Alcohol. Aka fun juice, liquid courage, or the sauce, could also be your healthy diet's saboteur. If a dry martini (or two) with 3 olives at the end of a stressful WFH day or a glass of Pino Noir (or several) is your go-to beverage for a (virtual) get together, your routine could be the reason your best diet efforts aren't working and you wake up exhausted. Modest intake of alcohol (one drink a day for women and two for men) will likely not cause too much harm. However, when consumed in excess, alcohol can interfere with sleep and sabotage our healthy diet efforts.

Drinking has become part of our coping mechanisms but the result can be nutrient deficiencies, weight gain, low energy, poor sleep, and an increased risk for chronic diseases, not to mention low energy the next day. Aren’t these all of the things you're trying to combat with a whole-food, plant-based diet?  Let me explain how alcohol can be a sabotager!

1. Drinks Add Extra Calories Without Fullness

Alcohol provides calories, about 7 calories per gram. That translates to about 125 calories in a glass of red wine, or 170 in a Gin and Tonic, or 200 in a margarita on the rocks (or twice that in a frozen drink with a sugary mixer). However, unlike when we consume foods with other macronutrients (such as carbs, fats, and proteins), we don’t tend to reduce how much we eat as we drink a cocktail, to compensate for the energy that alcohol provides.

Although one standard drink of wine or beer has around the same amount of calories as a one-ounce serving of nuts or seeds (160 to 200) you will feel much fuller after the healthy nuts and seeds compared to the drink. In addition, these calories do not provide any of the beneficial nutrients from eating the same calories in foods that our bodies need to thrive.

Couple toasting with wine in cafe
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2. Alcohol Depletes Certain Nutrients and Blocks Absorption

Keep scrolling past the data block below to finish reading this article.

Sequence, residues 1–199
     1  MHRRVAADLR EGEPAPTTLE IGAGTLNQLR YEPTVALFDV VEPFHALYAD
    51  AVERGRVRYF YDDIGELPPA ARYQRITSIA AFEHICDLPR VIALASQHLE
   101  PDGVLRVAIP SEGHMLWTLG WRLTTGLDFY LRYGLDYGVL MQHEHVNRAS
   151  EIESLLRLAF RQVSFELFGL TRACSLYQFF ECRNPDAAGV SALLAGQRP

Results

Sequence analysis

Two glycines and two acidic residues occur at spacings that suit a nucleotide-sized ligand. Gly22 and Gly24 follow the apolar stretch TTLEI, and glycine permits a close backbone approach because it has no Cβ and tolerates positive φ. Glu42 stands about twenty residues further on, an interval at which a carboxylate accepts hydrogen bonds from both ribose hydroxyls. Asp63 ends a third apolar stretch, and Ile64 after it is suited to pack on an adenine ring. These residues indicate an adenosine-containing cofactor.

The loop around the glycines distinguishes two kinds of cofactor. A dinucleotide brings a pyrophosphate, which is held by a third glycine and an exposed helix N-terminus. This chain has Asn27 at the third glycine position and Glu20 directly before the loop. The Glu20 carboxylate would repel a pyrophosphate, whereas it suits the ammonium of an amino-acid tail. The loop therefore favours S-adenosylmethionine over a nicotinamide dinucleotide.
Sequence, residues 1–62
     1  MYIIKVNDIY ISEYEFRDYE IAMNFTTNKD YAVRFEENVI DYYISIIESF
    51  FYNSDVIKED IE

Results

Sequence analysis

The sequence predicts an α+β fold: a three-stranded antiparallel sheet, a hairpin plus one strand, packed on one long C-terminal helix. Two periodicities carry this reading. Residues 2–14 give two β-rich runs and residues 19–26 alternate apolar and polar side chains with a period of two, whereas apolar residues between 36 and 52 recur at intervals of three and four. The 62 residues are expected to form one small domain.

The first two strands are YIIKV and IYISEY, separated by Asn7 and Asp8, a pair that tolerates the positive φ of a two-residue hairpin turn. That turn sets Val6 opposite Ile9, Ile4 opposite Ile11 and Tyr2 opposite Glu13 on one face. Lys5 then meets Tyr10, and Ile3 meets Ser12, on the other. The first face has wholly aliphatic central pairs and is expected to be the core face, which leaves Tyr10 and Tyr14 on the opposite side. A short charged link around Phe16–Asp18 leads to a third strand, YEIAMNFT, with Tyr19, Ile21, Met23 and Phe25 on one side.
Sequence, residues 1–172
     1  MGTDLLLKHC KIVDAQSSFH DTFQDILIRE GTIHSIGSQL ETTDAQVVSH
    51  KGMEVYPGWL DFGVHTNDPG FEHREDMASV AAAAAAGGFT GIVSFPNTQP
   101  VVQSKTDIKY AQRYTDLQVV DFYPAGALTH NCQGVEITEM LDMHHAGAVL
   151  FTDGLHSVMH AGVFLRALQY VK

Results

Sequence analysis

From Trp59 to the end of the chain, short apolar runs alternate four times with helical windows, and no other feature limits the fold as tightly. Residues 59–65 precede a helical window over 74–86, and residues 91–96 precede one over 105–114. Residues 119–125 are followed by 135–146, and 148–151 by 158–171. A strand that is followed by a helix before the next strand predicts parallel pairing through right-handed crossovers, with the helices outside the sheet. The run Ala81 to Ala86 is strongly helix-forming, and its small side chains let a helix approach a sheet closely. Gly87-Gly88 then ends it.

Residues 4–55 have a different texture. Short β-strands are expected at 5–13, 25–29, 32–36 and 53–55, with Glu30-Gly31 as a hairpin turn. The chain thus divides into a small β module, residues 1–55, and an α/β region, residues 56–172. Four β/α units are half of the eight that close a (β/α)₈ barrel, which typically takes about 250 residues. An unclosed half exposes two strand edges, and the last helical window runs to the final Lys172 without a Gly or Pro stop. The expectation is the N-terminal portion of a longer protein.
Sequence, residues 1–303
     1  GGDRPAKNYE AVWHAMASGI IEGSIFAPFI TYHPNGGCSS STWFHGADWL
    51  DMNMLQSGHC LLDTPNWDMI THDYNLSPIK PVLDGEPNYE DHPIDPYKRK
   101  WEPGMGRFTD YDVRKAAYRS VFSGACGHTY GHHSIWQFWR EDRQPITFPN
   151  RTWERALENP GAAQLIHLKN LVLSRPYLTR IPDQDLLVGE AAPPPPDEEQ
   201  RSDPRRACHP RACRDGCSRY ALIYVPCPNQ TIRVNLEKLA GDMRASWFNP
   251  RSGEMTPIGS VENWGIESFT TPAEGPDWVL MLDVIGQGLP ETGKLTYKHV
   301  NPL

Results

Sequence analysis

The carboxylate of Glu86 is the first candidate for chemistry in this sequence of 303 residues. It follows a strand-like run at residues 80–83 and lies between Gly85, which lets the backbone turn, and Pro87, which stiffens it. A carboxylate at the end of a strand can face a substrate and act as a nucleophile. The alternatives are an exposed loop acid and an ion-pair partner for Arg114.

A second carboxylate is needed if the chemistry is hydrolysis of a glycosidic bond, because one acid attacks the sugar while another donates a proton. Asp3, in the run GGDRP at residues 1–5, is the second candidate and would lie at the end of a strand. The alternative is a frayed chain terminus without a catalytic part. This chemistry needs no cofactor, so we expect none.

Alcohol in small doses can be an appetite stimulant, but in larger amounts, it can suppress normal hunger signals resulting in a reduction in the number of nutrient-rich foods being consumed. In addition, alcohol can affect nutrient absorption and utilization by the body, potentially leading to nutrient depletion and feeling low-energy, especially because some of the nutrients it blocks are essential, which defeats the purpose of eating a healthy diet.

As alcohol gets metabolized by the liver, it requires B vitamins (niacin, thiamine, etc.), which is why alcohol is particularly unhelpful when you're trying to feel more energy from the foods you eat. It also interferes with the absorption and storage of nutrients such as B12, folate, and Vitamin A. Certain minerals (such as zinc, magnesium, and potassium) can also be depleted through the urine, as alcohol has a diuretic effect and increases your urine output.

3. Shakes Up Our Brain Chemicals, So You Eat More

There is evidence to show that moderate consumption of alcohol before the meal can actually lead to an increase in our food intake. How? Well, we know that alcohol lowers our inhibitions and discipline, but it also stimulates a number of neurochemical and peripheral systems that are involved in appetite control–leading to overeating!